To me, it completely blows the rest of the games I’ve mentioned so far out of the water. The gameplay is equally simple, but unlike the others, there’s something else to focus on. The soundtrack, which could stand on its own as a concept album, provides a story through which to interpret what’s happening, which is loosely based on Shakespeare’s “Seven Ages of Man” monologue. It explores the nature of life, death, and war, but never in a way that’s too in-your-face or pretentious or anything.
If there’s a single doubt in your mind that video games can be art, or if you are reluctant to think of them as anything other than mindless entertainment, I encourage you to check this game out. Or if you play video games a lot, or play them sometimes, or don’t know what they are, I encourage you to play through Deus Ex Machina. If you do like other art, but don’t play video games, but are eager to see what artistic merit they can have, play Deus Ex Machina. You know what, no matter what your stance on anything in the world is, play Deus Ex Machina right now.
Unlike many other British surrealist games, it has been conveniently re-released on Steam for only five dollars. It takes only fifty minutes to play (and this length is hard set - no matter what you do it will take the same amount of time to finish). Had I known about it when I wrote an article about short but meaningful video games, I would have absolutely thrown it in. Most of the games of this era are snapshots of a different time, with interesting aesthetics but gameplay that doesn’t really hold up to modern expectations. Deus Ex Machina stands as a timeless masterpiece, a work of art unconfined by time period or movement.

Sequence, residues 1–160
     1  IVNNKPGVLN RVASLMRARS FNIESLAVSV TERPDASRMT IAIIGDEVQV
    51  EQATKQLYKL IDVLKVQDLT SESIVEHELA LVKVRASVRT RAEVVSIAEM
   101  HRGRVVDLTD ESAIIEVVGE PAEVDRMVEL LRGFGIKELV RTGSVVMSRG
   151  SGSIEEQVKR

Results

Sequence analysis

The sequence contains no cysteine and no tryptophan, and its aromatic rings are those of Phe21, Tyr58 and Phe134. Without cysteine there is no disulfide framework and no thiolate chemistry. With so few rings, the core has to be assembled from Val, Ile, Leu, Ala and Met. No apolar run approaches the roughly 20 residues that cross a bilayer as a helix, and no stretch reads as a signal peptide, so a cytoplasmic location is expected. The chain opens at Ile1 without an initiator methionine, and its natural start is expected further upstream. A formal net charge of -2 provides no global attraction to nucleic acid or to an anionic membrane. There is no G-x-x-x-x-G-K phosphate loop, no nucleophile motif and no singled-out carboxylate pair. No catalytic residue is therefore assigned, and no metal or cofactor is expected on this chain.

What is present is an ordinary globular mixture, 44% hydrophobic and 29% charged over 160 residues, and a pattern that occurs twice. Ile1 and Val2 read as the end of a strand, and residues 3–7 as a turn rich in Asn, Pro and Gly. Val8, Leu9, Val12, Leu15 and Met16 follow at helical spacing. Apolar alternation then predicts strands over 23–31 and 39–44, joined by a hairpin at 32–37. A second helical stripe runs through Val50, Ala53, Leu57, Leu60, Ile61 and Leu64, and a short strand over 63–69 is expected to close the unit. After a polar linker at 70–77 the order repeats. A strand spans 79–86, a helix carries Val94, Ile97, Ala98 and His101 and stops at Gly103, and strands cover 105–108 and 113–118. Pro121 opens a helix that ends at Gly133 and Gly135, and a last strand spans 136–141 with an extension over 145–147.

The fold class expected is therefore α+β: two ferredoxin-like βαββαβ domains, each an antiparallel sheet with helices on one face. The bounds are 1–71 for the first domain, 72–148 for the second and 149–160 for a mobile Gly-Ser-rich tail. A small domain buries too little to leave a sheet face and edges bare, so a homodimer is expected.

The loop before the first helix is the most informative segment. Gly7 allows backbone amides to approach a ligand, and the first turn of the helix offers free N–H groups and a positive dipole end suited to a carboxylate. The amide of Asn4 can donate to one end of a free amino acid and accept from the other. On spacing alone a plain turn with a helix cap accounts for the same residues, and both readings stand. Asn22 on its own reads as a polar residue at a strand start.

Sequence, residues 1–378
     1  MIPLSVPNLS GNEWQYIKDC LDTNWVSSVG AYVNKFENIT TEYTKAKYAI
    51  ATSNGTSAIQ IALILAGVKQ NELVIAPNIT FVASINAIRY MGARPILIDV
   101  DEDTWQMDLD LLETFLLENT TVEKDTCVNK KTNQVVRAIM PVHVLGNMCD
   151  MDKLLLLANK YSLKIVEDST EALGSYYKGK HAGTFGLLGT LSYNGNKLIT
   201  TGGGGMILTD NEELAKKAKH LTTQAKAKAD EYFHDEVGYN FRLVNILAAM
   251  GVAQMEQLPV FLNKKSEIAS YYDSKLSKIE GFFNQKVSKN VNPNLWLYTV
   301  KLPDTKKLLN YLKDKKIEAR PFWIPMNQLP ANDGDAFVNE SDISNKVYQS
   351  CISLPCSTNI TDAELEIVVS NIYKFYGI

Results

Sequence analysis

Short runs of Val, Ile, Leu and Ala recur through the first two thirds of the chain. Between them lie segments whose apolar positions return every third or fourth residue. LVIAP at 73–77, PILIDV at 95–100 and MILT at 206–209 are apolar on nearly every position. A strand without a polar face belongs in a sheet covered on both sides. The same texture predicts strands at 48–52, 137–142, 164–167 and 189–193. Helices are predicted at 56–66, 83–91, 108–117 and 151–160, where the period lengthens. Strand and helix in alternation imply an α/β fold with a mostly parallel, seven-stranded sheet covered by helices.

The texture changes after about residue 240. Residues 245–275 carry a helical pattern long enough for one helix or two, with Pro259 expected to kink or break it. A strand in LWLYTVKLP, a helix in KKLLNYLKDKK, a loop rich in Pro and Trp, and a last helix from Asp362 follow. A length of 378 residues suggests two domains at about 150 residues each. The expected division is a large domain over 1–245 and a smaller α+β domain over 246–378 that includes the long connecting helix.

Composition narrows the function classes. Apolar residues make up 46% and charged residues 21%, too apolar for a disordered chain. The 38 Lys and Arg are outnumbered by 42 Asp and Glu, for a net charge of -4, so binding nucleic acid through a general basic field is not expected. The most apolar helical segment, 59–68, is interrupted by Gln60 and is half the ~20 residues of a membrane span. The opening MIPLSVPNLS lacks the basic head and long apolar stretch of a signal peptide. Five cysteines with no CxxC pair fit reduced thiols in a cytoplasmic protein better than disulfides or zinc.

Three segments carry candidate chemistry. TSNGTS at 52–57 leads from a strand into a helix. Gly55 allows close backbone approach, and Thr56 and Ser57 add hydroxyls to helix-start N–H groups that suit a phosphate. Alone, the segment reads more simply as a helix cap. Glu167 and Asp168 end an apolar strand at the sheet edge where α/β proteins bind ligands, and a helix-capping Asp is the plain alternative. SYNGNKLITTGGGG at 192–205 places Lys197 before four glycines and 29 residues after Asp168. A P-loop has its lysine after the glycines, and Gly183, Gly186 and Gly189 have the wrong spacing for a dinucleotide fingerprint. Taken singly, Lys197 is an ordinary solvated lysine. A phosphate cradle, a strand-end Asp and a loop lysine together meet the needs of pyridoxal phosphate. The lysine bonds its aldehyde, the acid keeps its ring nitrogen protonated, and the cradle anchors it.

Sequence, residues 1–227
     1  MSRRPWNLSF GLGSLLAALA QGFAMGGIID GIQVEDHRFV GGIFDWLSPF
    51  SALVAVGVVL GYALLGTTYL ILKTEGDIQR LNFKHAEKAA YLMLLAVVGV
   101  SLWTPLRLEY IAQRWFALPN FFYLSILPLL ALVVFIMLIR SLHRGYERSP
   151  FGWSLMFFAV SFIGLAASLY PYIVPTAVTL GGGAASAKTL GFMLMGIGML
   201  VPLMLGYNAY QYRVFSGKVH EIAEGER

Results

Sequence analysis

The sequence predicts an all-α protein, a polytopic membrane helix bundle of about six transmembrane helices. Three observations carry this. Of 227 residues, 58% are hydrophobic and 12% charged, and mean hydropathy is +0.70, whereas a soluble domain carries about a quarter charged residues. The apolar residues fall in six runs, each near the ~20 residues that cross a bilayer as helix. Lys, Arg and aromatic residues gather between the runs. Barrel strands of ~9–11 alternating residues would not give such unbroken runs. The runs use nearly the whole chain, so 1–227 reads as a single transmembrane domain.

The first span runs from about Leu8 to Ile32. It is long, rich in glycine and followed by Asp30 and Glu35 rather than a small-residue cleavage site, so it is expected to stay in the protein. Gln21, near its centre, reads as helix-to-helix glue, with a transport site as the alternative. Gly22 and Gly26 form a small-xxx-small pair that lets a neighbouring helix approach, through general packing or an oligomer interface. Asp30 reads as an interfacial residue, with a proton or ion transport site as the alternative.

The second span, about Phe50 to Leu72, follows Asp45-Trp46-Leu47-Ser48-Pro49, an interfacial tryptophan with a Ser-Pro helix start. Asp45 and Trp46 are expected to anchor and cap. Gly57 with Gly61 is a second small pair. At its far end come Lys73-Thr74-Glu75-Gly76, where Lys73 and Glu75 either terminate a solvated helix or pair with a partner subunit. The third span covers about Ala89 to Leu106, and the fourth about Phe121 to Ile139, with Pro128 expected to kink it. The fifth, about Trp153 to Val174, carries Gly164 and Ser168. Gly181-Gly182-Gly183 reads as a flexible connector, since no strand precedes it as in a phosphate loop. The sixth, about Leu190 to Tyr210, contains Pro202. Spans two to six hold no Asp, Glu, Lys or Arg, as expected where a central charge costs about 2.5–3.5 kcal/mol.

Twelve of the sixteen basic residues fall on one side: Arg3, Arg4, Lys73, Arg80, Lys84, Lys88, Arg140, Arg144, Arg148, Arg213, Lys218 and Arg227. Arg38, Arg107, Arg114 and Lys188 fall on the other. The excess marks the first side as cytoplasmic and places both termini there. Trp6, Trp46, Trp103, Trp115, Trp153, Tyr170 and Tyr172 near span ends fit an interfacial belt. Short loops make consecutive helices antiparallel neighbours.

In addition to all of this, Mel Croucher basically invented crowdfunding, as well as ARGs (his other games open a whole other can of worms I don’t want to get into right now), as well as having voice actors play the characters in your game. He also did things that stand unique to this day: How many other game soundtracks are rock concept albums with lyrics? The only other video game song with lyrics I can think of is “Still Alive” from Portal, and that just plays during the credits.